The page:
My other sales for the month were some old clothes that I listed on eBay back when I was spring cleaning. I’ve had these clothes sitting in a box in the basement for a while now, so I’m glad that they’re slowly getting sold. I get $20 per month of shipping credit from my American Express Business Platinum, so I’ve been able to offer free shipping as well. 

ProductTube Income: $35 

ProductTube is a great app that everyone should have on their phone. This month, I did three ProductTube gigs that took me about 15 minutes total to complete. When you look at what you make for the time you have to spend doing these gigs, you can see that the hourly earnings are in the $100 per hour or more range. You can’t live off this app because of low volume, but it’s easy extra income that doesn’t take up much time. 

Gigwalk/EasyShift/Field Agent/Merchandiser Income: $5

In July, I made $5 doing a mystery shop gig for Field Agent. This gig involved buying a specific item at a fast-food restaurant, then taking a photo of the item, and answering a few questions in the Field Agent app. This took only a few minutes to complete and I got some free food out of it too. 

ReceiptPal/Receipt Hog/Fetch/CoinOut/TrunowIncome: $40

One of the little ways I generate extra income is by taking pictures of my receipts using what I call, “receipt apps.” I keep a bunch of these apps on my phone and each one pays me a small amount for each receipt that I get. Now, whenever I get a receipt, I snap a picture of it using these apps. Over the course of a year, I can usually cash out about $100 or so, which isn’t bad considering it takes me a second to take a picture of each receipt. 

In July, I ended up earning enough points to cash out $40 on Receipt Hog, It’ll likely take me a year before I can cash out on this app again. Obviously, you can’t get rich from your receipts, but it’s essentially free money to me, so I’ll take it if I can. 

I recommend downloading all of these apps and just keeping them on your phone. Whenever you get a receipt, just snap a picture of it with each app, then toss the receipt. Here are some of my affiliate links if you’re interested in trying out these apps: 

Google Opinion Rewards/Surveys On The Go/1Q/Facebook Viewpoints Income: $29.41

I earned a pretty solid amount this past month from the short survey apps that I keep on my phone. Here’s the breakdown for July:

The big one this month was Surveys On The Go, which netted me a little over $22. These surveys were all quick ones that I was able to complete on my phone while I was walking around or otherwise doing nothing.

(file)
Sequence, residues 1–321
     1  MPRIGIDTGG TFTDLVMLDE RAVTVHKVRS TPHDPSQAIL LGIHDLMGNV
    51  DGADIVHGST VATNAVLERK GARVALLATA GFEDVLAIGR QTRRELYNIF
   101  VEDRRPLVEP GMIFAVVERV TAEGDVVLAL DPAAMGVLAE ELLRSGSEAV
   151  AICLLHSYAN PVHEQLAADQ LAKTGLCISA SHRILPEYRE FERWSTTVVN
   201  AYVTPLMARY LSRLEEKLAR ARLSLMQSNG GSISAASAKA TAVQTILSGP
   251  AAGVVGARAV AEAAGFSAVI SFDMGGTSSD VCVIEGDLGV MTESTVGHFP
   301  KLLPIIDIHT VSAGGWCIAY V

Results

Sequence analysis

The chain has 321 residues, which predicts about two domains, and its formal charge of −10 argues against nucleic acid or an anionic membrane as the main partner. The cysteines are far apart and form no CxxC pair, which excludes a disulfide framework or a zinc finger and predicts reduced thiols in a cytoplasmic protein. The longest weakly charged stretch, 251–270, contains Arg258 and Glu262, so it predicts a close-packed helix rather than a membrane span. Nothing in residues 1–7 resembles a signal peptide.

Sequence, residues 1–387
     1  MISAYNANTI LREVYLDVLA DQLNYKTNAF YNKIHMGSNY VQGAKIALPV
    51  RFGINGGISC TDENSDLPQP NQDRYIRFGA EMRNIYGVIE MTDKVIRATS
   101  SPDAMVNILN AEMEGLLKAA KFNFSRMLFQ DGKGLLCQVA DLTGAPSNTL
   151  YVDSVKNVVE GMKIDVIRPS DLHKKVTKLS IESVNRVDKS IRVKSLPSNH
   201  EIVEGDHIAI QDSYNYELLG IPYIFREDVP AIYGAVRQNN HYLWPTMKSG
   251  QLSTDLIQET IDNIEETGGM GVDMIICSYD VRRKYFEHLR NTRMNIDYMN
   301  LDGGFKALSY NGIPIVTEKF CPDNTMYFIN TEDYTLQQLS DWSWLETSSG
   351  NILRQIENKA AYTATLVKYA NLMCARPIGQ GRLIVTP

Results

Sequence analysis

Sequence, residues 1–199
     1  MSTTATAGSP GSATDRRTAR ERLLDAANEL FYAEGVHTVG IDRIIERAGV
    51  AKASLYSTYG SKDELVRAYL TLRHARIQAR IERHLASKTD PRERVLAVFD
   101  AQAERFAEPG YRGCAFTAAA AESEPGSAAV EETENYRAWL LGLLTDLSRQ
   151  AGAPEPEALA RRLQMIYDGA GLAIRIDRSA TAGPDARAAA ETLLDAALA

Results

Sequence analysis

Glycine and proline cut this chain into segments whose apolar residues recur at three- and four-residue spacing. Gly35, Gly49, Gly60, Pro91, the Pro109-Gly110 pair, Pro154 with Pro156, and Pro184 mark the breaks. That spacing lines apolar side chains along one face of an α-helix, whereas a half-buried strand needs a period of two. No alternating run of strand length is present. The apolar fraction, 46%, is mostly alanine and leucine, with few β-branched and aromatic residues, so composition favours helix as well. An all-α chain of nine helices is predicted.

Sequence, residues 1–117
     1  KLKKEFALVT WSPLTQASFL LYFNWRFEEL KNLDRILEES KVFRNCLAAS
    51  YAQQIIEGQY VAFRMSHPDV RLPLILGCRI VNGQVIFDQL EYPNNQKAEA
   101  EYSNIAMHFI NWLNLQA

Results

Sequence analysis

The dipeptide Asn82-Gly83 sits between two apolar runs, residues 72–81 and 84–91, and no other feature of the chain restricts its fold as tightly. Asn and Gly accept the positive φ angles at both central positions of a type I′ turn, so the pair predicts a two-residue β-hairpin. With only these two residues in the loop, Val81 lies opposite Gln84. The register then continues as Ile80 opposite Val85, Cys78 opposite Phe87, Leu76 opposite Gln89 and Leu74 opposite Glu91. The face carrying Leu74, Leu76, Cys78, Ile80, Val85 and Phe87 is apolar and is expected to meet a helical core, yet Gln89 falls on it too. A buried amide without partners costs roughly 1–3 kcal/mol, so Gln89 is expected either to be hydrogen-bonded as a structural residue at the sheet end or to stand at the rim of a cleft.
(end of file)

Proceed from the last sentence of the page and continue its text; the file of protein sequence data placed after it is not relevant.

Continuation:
The reason I use these survey apps is that, unlike a lot of other survey apps, the surveys on these apps only take a few seconds to complete. That makes them worth doing in my book given the amount you’re paid and the time it takes. 

And that concludes the July 2020 Side Hustle Report!

July continues my strong side hustling summer. In the past, Airbnb was my big side hustle income generator, generally accounting for 50% of my side hustle earnings. I stopped doing Airbnb this year but food deliveries have picked up and are surpassing what I made doing Airbnb. 

As a final parting word, a few people have asked me about how I keep track of all of this income. For side hustling, I typically recommend having a separate bank account that you use only for your gig economy apps. You then need to set up a separate tax account where you save money for taxes. Whenever you get paid, you should automatically pull a set percentage of your income into a separate tax account,

I currently use Chime as my gig economy bank account. Everything I make from my gig economy apps goes directly into this bank account. I then use an app called Catch, which is a great app that monitors my Chime account and pulls a set percentage of every dollar I make into a separate tax account for me. If you’re interested in learning more about how this system works, you can check out my post I wrote about these two apps here: Chime Bank + Catch App: The Combination I Use To Manage My Side Hustle Income

Another bank account I’m very happy with is Lili. This bank account is designed specifically for freelancers and gig economy workers. Whenever you get paid, they automatically pull a percentage that you set into a separate tax bank account. This one makes it even easier since you don’t have to manage another account. I’m really happy with this business bank account, so they’re worth checking out if you’re trying to get yourself organized. I currently use Lili as my blog bank account, so whenever I pay myself a “paycheck” from my blog, I send it to my Lili account. It then saves away a certain percentage for taxes, all done automatically.

Hope all this info helps. See you all in next month’s side hustle report!

Kevin is an attorney and the blogger behind Financial Panther, a blog about personal finance, travel hacking, and side hustling using the sharing economy. He paid off $87,000 worth of student loans in just 2.5 years by choosing not to live like a big shot lawyer.

Kevin is passionate about earning money using the sharing economy and you can see all the ways he makes extra income every month in his side hustle reports.

Kevin is also big on using the latest fintech apps to improve his finances. Some of Kevin’s favorite fintech apps include:

This content was originally published here.